Second, once a month, we run a "guest" EVA, featuring an article or essay I also believe is particularly compelling.  Sometimes the views expressed in these are not consistent with my own, but I feel it’s important for readers to see a variety of opinions and outlooks.  In the introduction I create for these, however, I do give a sense of where I agree and disagree with the guest author.

Then, one week a month, I write a full-length issue in narrative form that is heavy on my personal beliefs about what is transpiring in the economy, the financial markets, and the increasingly intrusive world (or netherworld) of politics.  If nothing else, these are meant to provide a realistic view of the often nonsensical behavior of Wall Street, the financial media, and, of course, our elected representatives.  Given the subject matter and the cast of characters, a fair amount of humor, often of a sardonic nature, is unavoidable.

Regarding the PTP version, which this week’s EVA obviously is, we’ve also received some feedback asking us to interpret the various factoids we’ve included.  Frankly, I’ve got mixed feeling about doing so because it is contrary to the objective tone I’ve always tried to maintain in the PTP format.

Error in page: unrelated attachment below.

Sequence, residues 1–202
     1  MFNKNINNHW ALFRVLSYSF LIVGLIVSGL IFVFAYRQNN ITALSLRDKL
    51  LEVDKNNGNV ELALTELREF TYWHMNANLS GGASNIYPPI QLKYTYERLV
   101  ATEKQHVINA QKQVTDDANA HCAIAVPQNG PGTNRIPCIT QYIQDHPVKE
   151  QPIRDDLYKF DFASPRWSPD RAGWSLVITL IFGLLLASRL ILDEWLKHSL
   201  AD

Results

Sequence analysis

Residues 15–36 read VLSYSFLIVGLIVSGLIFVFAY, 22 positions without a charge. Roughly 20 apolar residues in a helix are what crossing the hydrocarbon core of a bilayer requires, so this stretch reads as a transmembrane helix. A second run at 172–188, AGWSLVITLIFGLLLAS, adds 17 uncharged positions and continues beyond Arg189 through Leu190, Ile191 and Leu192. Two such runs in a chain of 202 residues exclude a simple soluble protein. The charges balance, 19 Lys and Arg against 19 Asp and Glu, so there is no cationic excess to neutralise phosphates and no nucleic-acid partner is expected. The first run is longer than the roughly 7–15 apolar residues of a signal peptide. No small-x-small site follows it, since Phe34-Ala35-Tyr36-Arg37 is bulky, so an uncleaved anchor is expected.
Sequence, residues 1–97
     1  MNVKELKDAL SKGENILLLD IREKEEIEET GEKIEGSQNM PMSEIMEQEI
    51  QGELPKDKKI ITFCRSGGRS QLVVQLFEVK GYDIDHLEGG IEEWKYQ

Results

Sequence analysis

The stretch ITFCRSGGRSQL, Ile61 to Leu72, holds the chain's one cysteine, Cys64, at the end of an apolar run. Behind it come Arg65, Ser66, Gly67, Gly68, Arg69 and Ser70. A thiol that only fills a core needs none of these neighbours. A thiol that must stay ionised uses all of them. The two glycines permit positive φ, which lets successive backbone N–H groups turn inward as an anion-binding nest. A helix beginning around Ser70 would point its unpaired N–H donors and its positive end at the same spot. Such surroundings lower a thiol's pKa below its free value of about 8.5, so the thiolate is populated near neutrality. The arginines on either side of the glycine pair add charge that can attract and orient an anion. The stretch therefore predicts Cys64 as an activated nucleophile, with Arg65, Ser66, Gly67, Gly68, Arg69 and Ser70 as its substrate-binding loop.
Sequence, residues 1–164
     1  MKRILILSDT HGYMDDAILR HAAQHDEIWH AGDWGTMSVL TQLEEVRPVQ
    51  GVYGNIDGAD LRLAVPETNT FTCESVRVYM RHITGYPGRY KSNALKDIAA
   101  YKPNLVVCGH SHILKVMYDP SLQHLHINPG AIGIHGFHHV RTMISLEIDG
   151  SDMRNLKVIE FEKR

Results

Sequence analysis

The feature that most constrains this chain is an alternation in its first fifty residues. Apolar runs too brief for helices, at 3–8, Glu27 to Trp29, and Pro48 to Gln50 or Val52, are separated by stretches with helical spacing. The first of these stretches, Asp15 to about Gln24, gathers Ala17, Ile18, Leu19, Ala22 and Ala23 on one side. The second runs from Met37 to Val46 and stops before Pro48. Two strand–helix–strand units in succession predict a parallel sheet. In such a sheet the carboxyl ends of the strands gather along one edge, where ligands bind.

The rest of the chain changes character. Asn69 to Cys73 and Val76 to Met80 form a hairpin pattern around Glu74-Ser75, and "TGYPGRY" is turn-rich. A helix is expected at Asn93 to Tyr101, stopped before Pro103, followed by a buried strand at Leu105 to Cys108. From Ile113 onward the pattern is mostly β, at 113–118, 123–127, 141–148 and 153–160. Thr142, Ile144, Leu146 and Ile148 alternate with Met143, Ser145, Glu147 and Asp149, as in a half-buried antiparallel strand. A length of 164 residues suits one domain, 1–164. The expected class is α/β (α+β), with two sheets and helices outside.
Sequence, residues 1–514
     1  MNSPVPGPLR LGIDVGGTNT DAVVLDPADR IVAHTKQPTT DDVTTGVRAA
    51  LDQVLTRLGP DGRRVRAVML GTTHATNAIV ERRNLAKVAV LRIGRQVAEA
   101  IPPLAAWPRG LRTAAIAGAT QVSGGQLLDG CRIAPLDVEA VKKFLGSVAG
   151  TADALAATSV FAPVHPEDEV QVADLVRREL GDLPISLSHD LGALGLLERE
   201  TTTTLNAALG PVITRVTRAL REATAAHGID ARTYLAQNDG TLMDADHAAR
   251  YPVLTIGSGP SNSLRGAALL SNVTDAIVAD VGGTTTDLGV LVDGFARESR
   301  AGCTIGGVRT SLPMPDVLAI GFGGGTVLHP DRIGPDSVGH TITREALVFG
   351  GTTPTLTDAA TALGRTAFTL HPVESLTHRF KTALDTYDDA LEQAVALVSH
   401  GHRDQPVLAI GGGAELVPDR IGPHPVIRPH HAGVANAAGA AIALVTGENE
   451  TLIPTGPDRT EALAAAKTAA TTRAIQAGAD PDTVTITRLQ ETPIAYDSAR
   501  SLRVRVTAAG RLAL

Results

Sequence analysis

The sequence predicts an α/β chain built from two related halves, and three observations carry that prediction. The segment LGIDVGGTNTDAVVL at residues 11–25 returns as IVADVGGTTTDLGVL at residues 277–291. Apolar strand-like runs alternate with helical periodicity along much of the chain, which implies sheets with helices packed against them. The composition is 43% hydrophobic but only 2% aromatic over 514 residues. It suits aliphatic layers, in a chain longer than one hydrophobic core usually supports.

But I realize that frequently we highlight an amalgam of items that are upbeat, mixed, and negative; consequently, in my attempt to be fair and balanced (unlike, it often seems, much of the mainstream media), I risk a degree of confusion.  In fact, that is the world we have to cope with as money managers; rarely, if ever, is the overall situation clear and unambiguous.

As a result, I’ve started to add some ending commentary to the PTP issues in the interest of clarity.  Readers, of course, are always free to disregard my views, which I’m sure many do on a regular basis (I’m getting that disregarded feeling more frequently these days as my correction call continues to be at odds with a bubbly market).